This has been a roller coaster of a year. We’ve had a lot of changes come into our life and shared with you, our beloved blog readers, from potentially moving out of state to switching jobs and opening up our home to new furry friends. We are grateful that things have flown smoothly through these transitions and hope that your family is experiencing times of joy in this season of giving and thankfulness. Thank you for being readers and visitors of our blog for whatever reason life has brought you here.
With all of this giving thanks and giving spirits, we encourage you to go out into your community and share that love with those less fortunate – be it a needy animal or person. Volunteer at your local animal or homeless shelter, soup kitchen or food bank. Donate money, food or clothing to someone less fortunate or consider adopting a family – including their pets – for this holiday season.
I seriously read that phrase not that long ago when referencing my least liked mantra of “If you’re not part of the solution, you’re part of the problem!” when it comes to the serious issue about the animal overpopulation problem going on in our nation today. I will be honest, it angered me pretty heavily because I know how much time I have wrapped up into my volunteer time in animal rescue in my community and at a handful of shelters and rescue groups that I support heavily – sometimes so much that my husband doesn’t get to see me much and has complete care and exercise regimes on the dogs to take care of. I know not everyone is going to agree with me because I support both responsible breeding and rescue but to insult and belittle what I do would have pushed many people away and onto the “all rescue people are freaks” bandwagon.
The question though is – what is enough? Is enough being an Internet and social media sharing junky? Is fostering as many dogs or cats as a person can handle enough? What about actually donating well above than the 16 hours a city pays you to manage a shelter completely like one of my very, very dedicated rescue friends does? I know the blood, sweat and tears that goes into rescue because I am there alongside of those who dedicate their lives to changing the futures of those animals who are less fortunate but what gives a person the right to say “You’re not doing enough?” to someone because their path is not aligned in the same fashion as another group?
I would like to think I am making a difference in the lives and futures of the animals I am lucky enough to help through walking, photographing, transporting and training. We aren’t, at this time, able to foster another member of the household because we were foster failures with our last dog – Duo. This won’t be a permanent thing but it is, for the time being, the case in our situation. I also spend my time on social media sharing and networking available animals and even helped my parents locate their new family member at a local shelter (Yoshi’s story is here) but I also know I’m a bit of an abnormality. Why? Well, the whole supporting and owning of breeder-acquired dogs and support of responsible breeding.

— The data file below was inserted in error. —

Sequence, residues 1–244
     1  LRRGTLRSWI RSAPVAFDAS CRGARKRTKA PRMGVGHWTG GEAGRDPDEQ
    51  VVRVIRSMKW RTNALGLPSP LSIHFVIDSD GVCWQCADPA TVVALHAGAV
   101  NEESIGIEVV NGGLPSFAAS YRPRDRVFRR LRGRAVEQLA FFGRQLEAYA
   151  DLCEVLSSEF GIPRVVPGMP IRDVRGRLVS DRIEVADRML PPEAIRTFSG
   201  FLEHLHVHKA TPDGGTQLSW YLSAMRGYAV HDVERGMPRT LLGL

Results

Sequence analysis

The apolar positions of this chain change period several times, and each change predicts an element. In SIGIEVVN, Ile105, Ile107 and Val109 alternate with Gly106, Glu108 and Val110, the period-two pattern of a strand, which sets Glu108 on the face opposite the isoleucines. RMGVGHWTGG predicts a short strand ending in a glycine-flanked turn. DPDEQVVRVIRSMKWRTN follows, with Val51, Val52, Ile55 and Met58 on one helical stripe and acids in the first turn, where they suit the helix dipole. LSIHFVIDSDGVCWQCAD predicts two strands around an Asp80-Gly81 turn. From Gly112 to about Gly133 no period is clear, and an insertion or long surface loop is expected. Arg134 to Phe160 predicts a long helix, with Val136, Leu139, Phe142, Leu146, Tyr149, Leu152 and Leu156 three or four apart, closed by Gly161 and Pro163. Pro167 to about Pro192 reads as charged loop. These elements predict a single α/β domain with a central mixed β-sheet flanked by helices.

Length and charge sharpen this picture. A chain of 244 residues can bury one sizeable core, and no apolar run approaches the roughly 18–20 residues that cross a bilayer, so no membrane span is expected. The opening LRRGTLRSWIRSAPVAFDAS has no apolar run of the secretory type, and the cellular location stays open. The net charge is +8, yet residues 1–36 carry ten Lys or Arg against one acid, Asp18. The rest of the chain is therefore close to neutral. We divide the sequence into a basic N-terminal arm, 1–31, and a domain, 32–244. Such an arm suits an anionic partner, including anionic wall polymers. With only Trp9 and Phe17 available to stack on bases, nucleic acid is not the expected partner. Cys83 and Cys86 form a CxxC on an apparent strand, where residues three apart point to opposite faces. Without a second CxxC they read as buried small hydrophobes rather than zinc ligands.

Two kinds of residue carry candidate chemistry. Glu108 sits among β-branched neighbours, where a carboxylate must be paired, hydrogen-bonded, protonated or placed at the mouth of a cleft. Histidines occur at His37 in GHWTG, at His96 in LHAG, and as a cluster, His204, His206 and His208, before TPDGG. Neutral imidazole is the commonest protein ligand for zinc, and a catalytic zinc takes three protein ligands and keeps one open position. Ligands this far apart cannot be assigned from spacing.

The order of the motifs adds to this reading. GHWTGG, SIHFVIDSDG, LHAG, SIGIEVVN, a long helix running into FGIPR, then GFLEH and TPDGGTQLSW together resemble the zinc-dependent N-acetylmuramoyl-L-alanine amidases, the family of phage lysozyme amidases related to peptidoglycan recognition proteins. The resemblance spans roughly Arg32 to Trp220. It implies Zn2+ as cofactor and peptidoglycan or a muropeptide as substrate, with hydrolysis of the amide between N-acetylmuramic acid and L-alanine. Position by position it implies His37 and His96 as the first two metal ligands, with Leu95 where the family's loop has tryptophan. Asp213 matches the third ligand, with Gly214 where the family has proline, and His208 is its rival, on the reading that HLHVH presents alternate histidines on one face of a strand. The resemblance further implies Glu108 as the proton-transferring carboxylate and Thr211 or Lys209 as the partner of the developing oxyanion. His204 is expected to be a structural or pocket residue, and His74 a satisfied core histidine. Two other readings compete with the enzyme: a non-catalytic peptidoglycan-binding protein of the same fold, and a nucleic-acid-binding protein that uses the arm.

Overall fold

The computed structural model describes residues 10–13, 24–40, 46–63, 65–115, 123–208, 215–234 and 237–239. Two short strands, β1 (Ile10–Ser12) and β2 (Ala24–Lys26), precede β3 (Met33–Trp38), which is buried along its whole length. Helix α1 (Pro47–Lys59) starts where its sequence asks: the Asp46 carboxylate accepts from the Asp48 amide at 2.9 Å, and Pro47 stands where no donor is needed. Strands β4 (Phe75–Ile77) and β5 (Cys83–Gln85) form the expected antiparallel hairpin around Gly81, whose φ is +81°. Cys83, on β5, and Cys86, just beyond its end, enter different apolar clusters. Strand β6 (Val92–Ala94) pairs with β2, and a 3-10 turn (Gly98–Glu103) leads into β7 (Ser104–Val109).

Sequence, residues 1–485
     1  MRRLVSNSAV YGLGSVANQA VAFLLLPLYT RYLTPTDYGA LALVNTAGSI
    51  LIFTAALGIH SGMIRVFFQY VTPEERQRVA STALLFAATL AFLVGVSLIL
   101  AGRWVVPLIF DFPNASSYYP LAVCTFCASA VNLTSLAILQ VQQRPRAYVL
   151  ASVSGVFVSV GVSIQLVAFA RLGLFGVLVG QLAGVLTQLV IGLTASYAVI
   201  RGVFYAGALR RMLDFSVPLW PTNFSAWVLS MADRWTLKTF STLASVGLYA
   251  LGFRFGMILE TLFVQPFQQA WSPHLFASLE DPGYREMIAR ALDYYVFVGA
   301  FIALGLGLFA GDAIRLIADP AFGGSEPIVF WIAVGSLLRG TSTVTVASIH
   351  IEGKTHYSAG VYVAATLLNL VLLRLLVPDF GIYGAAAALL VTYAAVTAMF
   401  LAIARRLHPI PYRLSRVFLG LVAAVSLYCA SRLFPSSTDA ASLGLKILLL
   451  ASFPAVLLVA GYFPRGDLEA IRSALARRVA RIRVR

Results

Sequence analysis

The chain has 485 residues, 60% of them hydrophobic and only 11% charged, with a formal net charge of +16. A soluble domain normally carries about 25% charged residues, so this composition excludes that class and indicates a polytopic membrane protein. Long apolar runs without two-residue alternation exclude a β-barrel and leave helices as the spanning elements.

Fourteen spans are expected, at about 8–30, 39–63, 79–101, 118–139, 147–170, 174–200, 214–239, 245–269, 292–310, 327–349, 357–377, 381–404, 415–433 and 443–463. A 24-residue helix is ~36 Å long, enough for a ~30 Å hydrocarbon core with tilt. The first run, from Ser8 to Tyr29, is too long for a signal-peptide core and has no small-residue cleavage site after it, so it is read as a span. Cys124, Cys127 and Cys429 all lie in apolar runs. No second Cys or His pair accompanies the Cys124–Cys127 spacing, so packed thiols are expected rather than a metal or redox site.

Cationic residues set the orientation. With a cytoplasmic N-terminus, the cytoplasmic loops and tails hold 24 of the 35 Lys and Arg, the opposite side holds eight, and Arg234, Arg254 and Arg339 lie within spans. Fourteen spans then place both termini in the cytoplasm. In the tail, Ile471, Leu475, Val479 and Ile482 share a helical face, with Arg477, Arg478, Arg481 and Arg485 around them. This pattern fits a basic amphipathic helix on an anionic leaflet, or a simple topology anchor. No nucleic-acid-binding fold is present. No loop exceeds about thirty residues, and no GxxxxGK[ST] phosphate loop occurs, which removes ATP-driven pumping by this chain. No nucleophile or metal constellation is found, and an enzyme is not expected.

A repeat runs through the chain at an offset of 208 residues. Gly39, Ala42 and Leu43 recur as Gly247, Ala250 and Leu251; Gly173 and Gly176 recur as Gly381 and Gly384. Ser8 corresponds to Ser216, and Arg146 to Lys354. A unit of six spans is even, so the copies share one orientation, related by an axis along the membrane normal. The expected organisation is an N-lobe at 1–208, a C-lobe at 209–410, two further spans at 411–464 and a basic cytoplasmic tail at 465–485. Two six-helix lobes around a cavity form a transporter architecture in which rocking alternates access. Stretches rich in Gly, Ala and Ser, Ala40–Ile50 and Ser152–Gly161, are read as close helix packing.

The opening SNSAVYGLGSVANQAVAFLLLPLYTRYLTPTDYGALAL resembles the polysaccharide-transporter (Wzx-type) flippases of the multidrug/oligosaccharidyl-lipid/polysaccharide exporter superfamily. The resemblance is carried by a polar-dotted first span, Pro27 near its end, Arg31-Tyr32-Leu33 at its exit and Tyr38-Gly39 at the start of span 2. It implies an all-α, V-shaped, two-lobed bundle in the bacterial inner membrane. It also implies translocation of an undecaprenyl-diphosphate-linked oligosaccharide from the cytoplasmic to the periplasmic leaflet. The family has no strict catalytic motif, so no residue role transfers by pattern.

Anti-breeding groups call those of us “greeders” and think breeders (they lump backyard breeders and responsible breeders into the same category) make a living off of the reproductive parts on their pets. This is very true for the less scrupulous breeders out there but those responsible breeders breed infrequently and when they do breed, the puppies have good, well-screened homes, impeccable upbringing and a lifetime of support from that responsible breeder.
I know this fact doesn’t go over well with the rescue community because of the thousands of dogs being euthanized daily but at some point it would be nice if the acceptance of those who truly care about dogs and not about adding to the shelter population would be accepted into the rescue fold because there are many out there who work both sides of the fence and I’m not the only one. It would be nice to work hand-in-hand with those same people who dedicate their lives to rescue animals and have them see who truly is the problem and who isn’t. Placing the blame on an entire group because of one sector of bad apples is about as bad as the breed profiling that everyone joins together to end.
Maybe this is just a dream but hopefully one day responsible breeders and rescuers can join together to end the mass production and abandonment of puppy mill and backyard bred dogs and end the mass euthanization of shelter animals and get them in to responsible forever homes so that those who dedicate their lives to the cause can actually go home and relax for a little instead of worrying when the next dog will hit “the list.”